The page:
During a severe cold wave in January 1985, Mountain Lake set the statewide record low for Virginia: −30 °F (−34 °C).[7]

Mountain Lake Hotel[edit]

Photo of the north facade of the main building of the Mountain Lake Lodge in October 2013.

Salt Pond had been frequented throughout the early part of the 19th century and prior, then in March, 1856, Henley Chapman incorporated the Mountain Lake Co. to provide accommodations and entertainment for its visitors. Soon afterward, a wooden hotel and a saw mill were built. Stagecoach travelers from Christiansburg, Virginia and Union, West Virginia were the primary customers in the days before the Virginia and Tennessee Railroad (a predecessor of the Norfolk and Western Railway) was built nearby in the late 1850s.

Following the Battle of Cloyd's Mountain in 1864, during the American Civil War (1861–1865), Union General George Crook marched his troops over to the present day town of Union, WV, via Salt Pond Mountain. Then, in 1869, following the Civil War, the hotel and its properties were sold to General and Mrs. Herman Haupt. Haupt had been head of the United States Military Railroad during the War. During their first year of ownership, though not operating publicly, the Haupts received compensation from some of their guests for the accommodations provided, prompting Giles County to require them to purchase a hotel license. Subsequently, they decided to re-open the hotel to the general public. Due to the resulting popularity of the hotel in this first season, several additions to the hotel were required to meet the increasing demand for more accommodations.

During the days of primary travel by railroad, guests of the resort exited the train at either Pembroke or Eggleston and were met by horse-drawn carriages, which transported them up the dirt Doe Creek Road to the resort. The current primary paved route up the Mountain, SR 700, was built later, over a different route than the old dirt road.[disputed ]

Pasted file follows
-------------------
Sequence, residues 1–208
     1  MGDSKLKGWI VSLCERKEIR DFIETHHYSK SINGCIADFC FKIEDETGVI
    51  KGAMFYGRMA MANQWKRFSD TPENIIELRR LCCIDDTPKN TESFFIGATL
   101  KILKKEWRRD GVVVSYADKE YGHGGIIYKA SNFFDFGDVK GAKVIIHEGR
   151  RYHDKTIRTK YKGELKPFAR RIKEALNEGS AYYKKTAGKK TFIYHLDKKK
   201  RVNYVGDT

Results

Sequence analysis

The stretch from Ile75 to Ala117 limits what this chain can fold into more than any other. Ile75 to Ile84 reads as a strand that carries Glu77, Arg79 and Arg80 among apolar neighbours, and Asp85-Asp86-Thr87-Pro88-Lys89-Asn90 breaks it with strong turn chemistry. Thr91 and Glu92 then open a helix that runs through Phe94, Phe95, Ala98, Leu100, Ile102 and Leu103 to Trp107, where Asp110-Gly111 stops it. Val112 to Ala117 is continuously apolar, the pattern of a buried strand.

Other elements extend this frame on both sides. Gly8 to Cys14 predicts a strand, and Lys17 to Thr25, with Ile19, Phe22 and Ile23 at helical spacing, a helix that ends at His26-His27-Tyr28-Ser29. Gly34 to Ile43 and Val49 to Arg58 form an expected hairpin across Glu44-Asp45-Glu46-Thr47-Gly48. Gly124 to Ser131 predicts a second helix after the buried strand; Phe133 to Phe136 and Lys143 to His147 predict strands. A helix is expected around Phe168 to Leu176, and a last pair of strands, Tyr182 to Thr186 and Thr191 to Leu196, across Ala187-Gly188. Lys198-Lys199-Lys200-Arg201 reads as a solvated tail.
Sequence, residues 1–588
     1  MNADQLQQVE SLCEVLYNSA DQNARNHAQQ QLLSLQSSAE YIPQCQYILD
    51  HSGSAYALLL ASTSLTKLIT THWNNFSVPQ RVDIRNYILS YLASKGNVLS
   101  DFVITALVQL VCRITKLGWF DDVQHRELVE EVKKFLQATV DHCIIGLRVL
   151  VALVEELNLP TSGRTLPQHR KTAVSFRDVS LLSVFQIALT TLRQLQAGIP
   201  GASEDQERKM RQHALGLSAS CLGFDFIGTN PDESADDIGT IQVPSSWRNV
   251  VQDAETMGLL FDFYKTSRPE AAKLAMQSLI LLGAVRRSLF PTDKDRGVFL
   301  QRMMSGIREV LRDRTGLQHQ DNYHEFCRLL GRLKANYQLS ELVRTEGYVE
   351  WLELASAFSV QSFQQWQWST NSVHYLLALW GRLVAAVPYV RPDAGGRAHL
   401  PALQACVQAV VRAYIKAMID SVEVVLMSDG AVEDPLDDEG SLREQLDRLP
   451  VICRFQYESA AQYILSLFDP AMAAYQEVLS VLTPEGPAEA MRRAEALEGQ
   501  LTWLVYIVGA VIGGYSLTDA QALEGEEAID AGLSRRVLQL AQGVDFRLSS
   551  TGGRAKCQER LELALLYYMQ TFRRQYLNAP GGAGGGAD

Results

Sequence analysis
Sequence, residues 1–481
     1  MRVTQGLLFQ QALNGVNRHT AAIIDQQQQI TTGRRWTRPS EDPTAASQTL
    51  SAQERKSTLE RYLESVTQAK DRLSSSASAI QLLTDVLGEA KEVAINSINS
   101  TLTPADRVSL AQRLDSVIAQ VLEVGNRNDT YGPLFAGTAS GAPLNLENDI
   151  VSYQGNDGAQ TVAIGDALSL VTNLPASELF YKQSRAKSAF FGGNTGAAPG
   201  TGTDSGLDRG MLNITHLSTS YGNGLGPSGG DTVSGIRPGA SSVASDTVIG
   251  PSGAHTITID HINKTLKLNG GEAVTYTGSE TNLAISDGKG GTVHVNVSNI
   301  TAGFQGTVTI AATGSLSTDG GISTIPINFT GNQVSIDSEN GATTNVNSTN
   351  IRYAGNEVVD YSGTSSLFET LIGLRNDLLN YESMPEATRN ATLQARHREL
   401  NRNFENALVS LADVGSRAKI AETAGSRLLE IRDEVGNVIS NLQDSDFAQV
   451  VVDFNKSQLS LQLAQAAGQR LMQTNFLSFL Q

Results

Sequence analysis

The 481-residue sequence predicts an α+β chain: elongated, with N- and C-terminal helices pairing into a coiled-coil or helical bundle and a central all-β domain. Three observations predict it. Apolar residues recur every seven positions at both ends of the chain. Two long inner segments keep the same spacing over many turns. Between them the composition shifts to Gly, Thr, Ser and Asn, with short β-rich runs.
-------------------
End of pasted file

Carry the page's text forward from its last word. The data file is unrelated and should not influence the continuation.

Giles County attorney Gordon Porterfield managed the property briefly before turning it over to his son Gilbert Porterfield, who managed the resort for 25 years. During Gilbert Porterfield's tenure managing the resort, its current reputation for fine cuisine was established. Also during this time, individuals were allowed to build their own cottages. They received a 15-year lease, after which the ownership of the cottages returned to the hotel. During their individual ownership, these guests also received discounts on their meals and maid service. Presently, most of the original cottage names that were established by the original owners/builders over 100 years ago are still in use.

In the 1930s, William Lewis Moody, Jr. of Galveston, Texas bought the hotel. In 1938, Moody replaced the wooden hotel with the current structure, built using stone native to the surrounding land. Moody's daughter, Mrs. Mary Moody Northen, owned the hotel until her death in 1986, following which the trustees of her estate established a foundation known as the Mary Moody Northen Endowment,[8] which presently maintains and operates the resort. The foundation was specifically established according to Mrs. Northen's final wishes to maintain the hotel and surrounding land as she had always known it, without overbuilding and, particularly, without significantly changing the resort or upsetting the delicate ecology of the beautiful surrounding land. For most of its life as a resort, Mountain Lake Hotel was open from late spring through early fall, however, shortly after the establishment of the trust, the resort began operating year-round. Currently, it is open from early May to late November and operated by 1859 Historic Hotels Inc., a hotel management company controlled by the Moody Foundation, an entity separate from the Mary Moody Northen Endowment.[9][10]